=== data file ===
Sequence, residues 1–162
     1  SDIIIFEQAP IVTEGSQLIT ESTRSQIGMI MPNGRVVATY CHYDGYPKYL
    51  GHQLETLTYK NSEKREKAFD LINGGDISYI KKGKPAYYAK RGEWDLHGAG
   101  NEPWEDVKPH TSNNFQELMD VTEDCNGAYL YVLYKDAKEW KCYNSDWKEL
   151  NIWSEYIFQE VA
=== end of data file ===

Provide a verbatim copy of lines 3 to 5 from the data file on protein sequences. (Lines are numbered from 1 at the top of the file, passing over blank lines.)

    51  GHQLETLTYK NSEKREKAFD LINGGDISYI KKGKPAYYAK RGEWDLHGAG
   101  NEPWEDVKPH TSNNFQELMD VTEDCNGAYL YVLYKDAKEW KCYNSDWKEL
   151  NIWSEYIFQE VA